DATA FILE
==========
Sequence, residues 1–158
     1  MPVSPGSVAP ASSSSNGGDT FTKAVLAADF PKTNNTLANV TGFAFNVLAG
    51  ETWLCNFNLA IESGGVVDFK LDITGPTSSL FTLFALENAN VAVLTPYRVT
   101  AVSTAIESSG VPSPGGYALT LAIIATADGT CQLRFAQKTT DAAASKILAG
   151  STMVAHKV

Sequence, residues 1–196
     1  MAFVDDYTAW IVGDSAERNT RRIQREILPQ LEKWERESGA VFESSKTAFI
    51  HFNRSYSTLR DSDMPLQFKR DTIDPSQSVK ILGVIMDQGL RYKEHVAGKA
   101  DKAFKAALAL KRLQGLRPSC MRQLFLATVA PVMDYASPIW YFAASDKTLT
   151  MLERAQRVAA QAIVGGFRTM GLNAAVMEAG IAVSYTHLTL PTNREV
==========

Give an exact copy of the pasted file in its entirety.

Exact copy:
Sequence, residues 1–158
     1  MPVSPGSVAP ASSSSNGGDT FTKAVLAADF PKTNNTLANV TGFAFNVLAG
    51  ETWLCNFNLA IESGGVVDFK LDITGPTSSL FTLFALENAN VAVLTPYRVT
   101  AVSTAIESSG VPSPGGYALT LAIIATADGT CQLRFAQKTT DAAASKILAG
   151  STMVAHKV

Sequence, residues 1–196
     1  MAFVDDYTAW IVGDSAERNT RRIQREILPQ LEKWERESGA VFESSKTAFI
    51  HFNRSYSTLR DSDMPLQFKR DTIDPSQSVK ILGVIMDQGL RYKEHVAGKA
   101  DKAFKAALAL KRLQGLRPSC MRQLFLATVA PVMDYASPIW YFAASDKTLT
   151  MLERAQRVAA QAIVGGFRTM GLNAAVMEAG IAVSYTHLTL PTNREV